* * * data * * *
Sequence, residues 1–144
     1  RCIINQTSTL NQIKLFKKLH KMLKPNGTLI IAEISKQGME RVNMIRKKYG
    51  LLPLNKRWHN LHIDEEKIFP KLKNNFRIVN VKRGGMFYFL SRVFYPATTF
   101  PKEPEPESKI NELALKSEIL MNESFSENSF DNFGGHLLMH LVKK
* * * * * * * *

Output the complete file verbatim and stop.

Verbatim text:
Sequence, residues 1–144
     1  RCIINQTSTL NQIKLFKKLH KMLKPNGTLI IAEISKQGME RVNMIRKKYG
    51  LLPLNKRWHN LHIDEEKIFP KLKNNFRIVN VKRGGMFYFL SRVFYPATTF
   101  PKEPEPESKI NELALKSEIL MNESFSENSF DNFGGHLLMH LVKK